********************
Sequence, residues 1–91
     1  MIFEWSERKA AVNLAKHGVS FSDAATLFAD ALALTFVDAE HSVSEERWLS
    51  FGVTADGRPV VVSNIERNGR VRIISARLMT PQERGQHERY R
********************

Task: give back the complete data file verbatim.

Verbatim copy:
Sequence, residues 1–91
     1  MIFEWSERKA AVNLAKHGVS FSDAATLFAD ALALTFVDAE HSVSEERWLS
    51  FGVTADGRPV VVSNIERNGR VRIISARLMT PQERGQHERY R